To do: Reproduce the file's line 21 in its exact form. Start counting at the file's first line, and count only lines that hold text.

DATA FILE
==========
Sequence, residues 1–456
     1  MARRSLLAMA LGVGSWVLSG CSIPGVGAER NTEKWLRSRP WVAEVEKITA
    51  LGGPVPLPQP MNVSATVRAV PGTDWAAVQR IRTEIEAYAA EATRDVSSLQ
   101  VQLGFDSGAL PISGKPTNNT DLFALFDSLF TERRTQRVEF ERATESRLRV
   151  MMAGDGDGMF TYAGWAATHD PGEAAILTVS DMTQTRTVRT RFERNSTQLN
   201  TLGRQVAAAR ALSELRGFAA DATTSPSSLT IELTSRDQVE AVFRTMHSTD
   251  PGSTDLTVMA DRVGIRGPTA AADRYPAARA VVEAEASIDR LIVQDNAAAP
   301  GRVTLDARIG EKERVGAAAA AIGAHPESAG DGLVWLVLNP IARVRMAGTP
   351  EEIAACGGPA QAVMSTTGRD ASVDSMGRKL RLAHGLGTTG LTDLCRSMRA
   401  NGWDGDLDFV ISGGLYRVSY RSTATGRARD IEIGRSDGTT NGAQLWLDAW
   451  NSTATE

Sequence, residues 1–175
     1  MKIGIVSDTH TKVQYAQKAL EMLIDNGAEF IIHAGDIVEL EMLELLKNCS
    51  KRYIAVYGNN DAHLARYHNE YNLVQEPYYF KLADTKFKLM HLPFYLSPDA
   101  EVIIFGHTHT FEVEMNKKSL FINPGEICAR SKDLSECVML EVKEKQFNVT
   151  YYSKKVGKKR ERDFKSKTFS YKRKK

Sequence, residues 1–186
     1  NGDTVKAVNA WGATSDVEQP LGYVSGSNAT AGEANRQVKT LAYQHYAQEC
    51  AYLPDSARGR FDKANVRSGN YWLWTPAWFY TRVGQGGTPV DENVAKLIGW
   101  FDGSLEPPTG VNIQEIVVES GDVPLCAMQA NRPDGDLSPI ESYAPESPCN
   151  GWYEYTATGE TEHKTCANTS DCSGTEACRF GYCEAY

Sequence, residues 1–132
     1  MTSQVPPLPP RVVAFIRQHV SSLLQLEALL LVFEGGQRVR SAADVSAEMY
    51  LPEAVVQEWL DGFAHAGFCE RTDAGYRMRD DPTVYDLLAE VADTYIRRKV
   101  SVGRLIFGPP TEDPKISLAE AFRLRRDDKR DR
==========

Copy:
   151  GWYEYTATGE TEHKTCANTS DCSGTEACRF GYCEAY